What is the best tree to plant for a future treehouse?

Asked July 21, 2014, 6:46 PM EDT

We recently moved into a new home in Pleasant Grove and would love to plant a large, fast growing tree with a large trunk, solid wood, and not too many branches to be able to have the option to build a treehouse. What trees are the best bet and when can we expect to build?

Are any of these good options?:

White/Bur Oak

Dawn Redwood
Weeping Willow
London Plane Tree


Rachel Skeen

Utah County Utah

6 Responses

White/Bur Oak - excellent Dawn Redwood - bad; conical form Weeping Willow - very bad; weak wood, diseases, insects; gets too big Catalpa - I don't think it would be good. The structure is narrow and it is somewhat weak. Cottonwood - same as willow, but not quite as bad. London Plane Tree - Very good. Strong, fast growing, good structure. However, if this is for you or your kids, it really needed to be planted by someone in the previous generation. Unless you are going to have kids a long time by now. Good luck.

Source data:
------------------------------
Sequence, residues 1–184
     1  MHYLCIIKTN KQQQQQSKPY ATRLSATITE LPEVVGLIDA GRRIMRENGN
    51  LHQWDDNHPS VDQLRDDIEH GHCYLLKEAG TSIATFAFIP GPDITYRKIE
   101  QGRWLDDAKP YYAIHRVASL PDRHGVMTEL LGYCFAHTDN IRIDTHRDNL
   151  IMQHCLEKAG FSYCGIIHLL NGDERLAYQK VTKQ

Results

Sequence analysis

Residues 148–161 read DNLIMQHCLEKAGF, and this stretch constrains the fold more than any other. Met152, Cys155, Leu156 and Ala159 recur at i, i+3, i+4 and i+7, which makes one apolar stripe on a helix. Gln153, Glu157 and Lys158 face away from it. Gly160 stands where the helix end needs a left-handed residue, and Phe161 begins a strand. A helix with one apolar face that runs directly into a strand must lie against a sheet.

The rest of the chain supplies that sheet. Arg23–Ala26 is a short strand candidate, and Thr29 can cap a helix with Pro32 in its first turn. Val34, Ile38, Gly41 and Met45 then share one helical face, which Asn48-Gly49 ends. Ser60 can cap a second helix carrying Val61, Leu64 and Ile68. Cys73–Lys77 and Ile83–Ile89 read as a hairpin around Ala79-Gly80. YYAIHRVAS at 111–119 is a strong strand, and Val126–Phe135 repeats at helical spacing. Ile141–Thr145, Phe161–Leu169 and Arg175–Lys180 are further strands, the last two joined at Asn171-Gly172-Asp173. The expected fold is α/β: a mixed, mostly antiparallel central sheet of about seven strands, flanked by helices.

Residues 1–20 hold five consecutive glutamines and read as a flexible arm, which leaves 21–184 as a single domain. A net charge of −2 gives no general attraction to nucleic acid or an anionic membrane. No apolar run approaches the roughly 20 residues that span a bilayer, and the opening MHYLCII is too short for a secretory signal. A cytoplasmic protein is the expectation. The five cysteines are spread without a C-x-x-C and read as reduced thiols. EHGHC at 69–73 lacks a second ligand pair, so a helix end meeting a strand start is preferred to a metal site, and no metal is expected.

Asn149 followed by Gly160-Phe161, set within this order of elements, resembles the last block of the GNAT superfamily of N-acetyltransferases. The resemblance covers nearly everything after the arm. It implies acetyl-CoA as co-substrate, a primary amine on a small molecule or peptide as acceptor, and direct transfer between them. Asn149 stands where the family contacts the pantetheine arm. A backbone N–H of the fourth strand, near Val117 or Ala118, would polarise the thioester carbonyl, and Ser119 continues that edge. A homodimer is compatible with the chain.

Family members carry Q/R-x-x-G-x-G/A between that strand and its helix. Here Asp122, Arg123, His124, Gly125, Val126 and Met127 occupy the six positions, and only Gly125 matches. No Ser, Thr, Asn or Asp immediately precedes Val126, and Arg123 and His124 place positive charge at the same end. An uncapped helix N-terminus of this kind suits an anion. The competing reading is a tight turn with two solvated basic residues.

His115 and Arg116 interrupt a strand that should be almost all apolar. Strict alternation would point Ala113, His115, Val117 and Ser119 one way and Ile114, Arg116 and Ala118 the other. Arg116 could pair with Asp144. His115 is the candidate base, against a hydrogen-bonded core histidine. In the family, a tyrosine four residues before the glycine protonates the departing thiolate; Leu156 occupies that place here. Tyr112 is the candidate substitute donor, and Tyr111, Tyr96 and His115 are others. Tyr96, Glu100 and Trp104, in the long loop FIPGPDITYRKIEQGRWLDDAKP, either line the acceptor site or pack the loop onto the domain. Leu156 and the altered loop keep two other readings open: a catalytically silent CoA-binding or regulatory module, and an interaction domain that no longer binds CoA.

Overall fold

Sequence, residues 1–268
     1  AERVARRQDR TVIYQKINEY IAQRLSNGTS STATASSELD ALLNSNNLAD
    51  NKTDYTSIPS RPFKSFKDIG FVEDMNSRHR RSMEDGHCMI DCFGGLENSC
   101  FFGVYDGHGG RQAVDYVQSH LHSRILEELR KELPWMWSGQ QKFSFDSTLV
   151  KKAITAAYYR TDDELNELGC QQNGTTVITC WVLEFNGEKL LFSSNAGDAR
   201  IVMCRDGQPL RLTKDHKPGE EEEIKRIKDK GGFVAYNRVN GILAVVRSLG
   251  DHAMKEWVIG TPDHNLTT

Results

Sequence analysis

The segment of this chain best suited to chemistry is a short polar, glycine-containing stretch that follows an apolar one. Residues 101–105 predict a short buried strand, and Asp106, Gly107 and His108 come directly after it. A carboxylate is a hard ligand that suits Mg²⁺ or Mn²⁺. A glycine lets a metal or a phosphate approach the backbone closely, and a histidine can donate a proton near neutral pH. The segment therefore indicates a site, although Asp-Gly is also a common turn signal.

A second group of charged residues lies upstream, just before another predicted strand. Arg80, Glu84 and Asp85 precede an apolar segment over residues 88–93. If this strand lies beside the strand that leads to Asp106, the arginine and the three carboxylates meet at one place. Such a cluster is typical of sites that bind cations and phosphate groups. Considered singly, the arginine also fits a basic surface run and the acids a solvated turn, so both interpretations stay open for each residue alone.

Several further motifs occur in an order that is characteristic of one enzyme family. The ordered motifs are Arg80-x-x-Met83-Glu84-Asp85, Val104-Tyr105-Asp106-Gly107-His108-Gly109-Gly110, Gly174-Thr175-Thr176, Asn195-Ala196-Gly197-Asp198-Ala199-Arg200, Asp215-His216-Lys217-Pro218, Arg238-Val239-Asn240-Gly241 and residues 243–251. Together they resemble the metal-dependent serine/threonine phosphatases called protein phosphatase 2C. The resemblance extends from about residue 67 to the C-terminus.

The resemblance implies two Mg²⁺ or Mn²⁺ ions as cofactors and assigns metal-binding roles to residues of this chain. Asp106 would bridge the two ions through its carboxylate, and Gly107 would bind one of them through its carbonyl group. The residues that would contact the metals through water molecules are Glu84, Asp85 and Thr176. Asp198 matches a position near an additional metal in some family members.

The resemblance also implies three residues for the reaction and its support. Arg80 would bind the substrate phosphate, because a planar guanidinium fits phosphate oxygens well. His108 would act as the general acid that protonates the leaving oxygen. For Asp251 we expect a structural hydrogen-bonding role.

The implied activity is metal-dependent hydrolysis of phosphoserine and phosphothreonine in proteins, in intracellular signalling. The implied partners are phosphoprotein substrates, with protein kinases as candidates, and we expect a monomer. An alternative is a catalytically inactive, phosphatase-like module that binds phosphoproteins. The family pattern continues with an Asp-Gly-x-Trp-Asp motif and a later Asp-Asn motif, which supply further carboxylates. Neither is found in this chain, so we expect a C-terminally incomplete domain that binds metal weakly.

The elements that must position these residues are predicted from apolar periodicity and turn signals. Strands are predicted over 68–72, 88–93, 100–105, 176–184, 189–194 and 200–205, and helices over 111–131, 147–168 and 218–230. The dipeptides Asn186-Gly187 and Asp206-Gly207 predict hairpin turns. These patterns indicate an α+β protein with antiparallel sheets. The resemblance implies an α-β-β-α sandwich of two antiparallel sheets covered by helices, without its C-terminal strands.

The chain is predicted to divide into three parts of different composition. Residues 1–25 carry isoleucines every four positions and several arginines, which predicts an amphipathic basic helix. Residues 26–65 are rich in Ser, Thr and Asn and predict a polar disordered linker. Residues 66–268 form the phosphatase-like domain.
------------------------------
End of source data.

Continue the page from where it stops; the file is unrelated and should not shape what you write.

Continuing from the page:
This is very helpful. Thank you! You have helped me steer clear of several options to avoid problems down the road. I am a bit worried about height after looking at the London Plane Tree and even the Oak options. However, I have heard good things about the Chinese Elm in Utah. Is this a tree that would work well, considering its rapid growth rate?

Rachel, Most people, when they refer to a Chinese elm (Ulmus parvifolia), mean Siberian elm (Ulmus pumila). I assume that is what you mean since Siberian elm is the fast growing one. However, Siberian alm, like willows and cottonwoods and almost all fast-growing trees except London planetree (sycamore), are disease and insect prone because they put no energy into defense. So no, it would not be good.

Go to our Tree Browser website to look at more tree species -- www.treebrowser.org.

I was referring to the Chinese Elm or Lacebark Elm I think is its other name.

I was referring to the Chinese Elm or Lacebark Elm I think is its other name.

That would be OK, but I don't consider them to be fast growing.